Every time I’ve added a subwoofer to a system I’ve felt that the available adjustments were relatively crude tools that allowed me to get close to ideal integration with the main speakers, but involved some guesswork, trial and error, patience, and just plain luck. The CR-1 is an entirely different story. This device provides extremely fine control over the critical hand-off between subwoofer and main speakers. The damping controls, in particular, give you an ultra-precise adjustment over how the sub and main speakers sum at the crossover point. In a remarkably short time, I had dialed-in the CR-1 so that the entire system was perfectly seamless from top to bottom. It’s amazing that it took so long for the industry to create a device like this; once you use it you’ll find it indispensable.
As I mentioned previously, the CR-1 confers a big advantage by splitting the frequency band with a true high-pass and a low-pass crossover. There’s very little overlap between the subwoofer and main speakers around the crossover point, eliminating the unpredictable result of having two different sources reproducing the same frequency band—the range of frequencies below the crossover point but above the lowest frequency the main speakers will reproduce. The combination of the high-pass and low-pass filter lets you decide, by listening, how much of the bass range is reproduced by the subwoofer and how much by the main speakers. If your main speakers have marginal bass quality below 100Hz, use a higher crossover frequency so that the main speakers never operate below 100Hz. Usually, a higher crossover frequency results in a more audible discontinuity at the crossover point. But the CR-1’s extensive controls provide seamless integration even at higher crossover frequencies.
I should mention that there are respected proponents of allowing the main speakers to run full-range and feathering-in the subwoofer so that it simply augments the main speakers’ output. Indeed, I’ve heard such systems sound superb. Although this approach can work well under ideal conditions, you have very little control over how the subwoofer integrates with the main speakers, with less-than-predictable results. Moreover, running the main speakers full-range erases the advantages mentioned earlier of freeing your main speakers and power amplifier from the burden of reproducing bass and the attendant increase in dynamic headroom.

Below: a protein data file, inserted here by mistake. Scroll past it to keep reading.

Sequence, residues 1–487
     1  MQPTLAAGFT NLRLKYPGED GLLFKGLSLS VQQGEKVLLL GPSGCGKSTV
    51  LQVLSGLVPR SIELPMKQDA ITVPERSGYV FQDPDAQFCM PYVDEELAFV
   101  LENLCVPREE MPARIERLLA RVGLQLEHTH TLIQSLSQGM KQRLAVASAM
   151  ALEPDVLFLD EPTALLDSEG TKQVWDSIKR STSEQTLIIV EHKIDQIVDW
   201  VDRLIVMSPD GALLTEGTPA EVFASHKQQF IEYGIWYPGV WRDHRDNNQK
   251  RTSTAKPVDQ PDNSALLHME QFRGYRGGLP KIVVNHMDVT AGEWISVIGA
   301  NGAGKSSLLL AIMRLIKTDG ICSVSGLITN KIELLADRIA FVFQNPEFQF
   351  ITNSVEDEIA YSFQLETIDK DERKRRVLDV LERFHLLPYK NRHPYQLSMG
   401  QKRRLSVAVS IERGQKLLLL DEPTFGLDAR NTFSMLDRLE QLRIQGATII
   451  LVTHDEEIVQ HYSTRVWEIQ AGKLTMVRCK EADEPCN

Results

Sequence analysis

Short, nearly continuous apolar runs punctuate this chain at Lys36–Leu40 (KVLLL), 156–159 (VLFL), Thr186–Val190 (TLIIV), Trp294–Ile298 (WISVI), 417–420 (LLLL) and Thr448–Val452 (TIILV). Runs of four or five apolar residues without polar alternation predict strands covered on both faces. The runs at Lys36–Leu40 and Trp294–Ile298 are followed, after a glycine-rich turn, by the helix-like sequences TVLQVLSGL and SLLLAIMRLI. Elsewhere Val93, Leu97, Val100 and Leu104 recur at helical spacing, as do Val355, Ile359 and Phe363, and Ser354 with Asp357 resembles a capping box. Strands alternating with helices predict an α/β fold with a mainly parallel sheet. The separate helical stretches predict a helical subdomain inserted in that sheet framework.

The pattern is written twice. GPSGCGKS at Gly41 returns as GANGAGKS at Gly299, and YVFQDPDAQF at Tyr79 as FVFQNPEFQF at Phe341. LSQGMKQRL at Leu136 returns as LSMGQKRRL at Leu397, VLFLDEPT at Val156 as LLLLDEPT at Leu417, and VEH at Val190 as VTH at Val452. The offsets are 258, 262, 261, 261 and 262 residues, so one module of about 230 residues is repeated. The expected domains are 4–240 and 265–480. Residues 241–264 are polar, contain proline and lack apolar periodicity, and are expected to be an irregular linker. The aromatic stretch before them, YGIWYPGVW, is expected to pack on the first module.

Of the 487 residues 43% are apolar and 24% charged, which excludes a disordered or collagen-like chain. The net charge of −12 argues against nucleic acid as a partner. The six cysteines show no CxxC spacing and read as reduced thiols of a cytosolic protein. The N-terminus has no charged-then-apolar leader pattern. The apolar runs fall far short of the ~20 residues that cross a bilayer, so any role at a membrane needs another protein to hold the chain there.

Finally, the CR-1 has an extremely useful knob that very slightly shifts the balance between the main speakers and subwoofer. After you get the subwoofer’s level set at what you think is the right volume, the CR-1’s “Sub/Sat” adjustment provides fine tuning of the relative levels between subwoofer and main speaker. The sensitivity of all these adjustments is perfectly tuned; a tiny turn of the knob doesn’t produce too much change, yet the knob’s entire range is greater than would ever be needed. Between them, the Fathom and CR-1 provide a huge range of adjustments; getting them right is paramount to realizing the products’ potential. Fortunately, the two owner’s manuals are unusually comprehensive and well-written, guiding you through the set-up process.
The JL Audio Fathom f113v2 is a significant improvement over what I already considered to be the “go-to” subwoofer in the price range. In one sense the Fathom isn’t inexpensive; you can find lots of subwoofers for under $1k. But in another sense the Fathom is an amazing value, delivering reference-class performance for a far less-than-reference-class price. I wouldn’t hesitate to add a Fathom f113v2 and CR-1 to the most demanding playback system.
In addition to the specific sonic qualities described, the Fathom and CR-1 greatly elevated the system’s overall sound, not just the bass. The system opened up, with a cleaner midband (the result of removing midbass bloat), punchier dynamics, and an effortless quality on peaks.
I don’t know how much improvement the v2’s revised driver and increased amplifier power rendered, but I can tell you that the new DARO room-optimization system is a vast improvement over its predecessor in the original Fathom both in sound quality and ease of use.
If you’re thinking about adding a subwoofer to your system, I encourage you to audition the Fathom f1112v2 or f113v2, with and without the CR-1 crossover. If you own any brand of subwoofer, you need to hear what the CR-1 will do for integrating the sub into your system. And if you’re thinking about upgrading your speakers, you may want to first hear how adding a subwoofer can transform the sound of your existing speakers. In my view, no subwoofer anywhere near the price approaches the Fathom f113v2’s sound quality, build quality, engineering prowess, and value.
Specs & Pricing
Driver: One 13.5"
Frequency response: 20Hz–86Hz +/–1.5dB; 18Hz–127Hz +/–3dB
Integral amplifier power: 3000W RMS short-term
Inputs: Stereo or mono or dual RCA jacks; stereo or mono on dual XLR jacks
Adjustments: Level, low-pass filter in/out, filter slope (12/24dB per octave), polarity, phase, extreme low-frequency (ELF) trim (–12dB to +3dB at 24Hz)
Calibration: Digital Automatic Room Optimization (DARO)
Dimensions: 16.5" x 19.25" x 19.25"
Weight: 133 lbs. (net)
Finish: Gloss black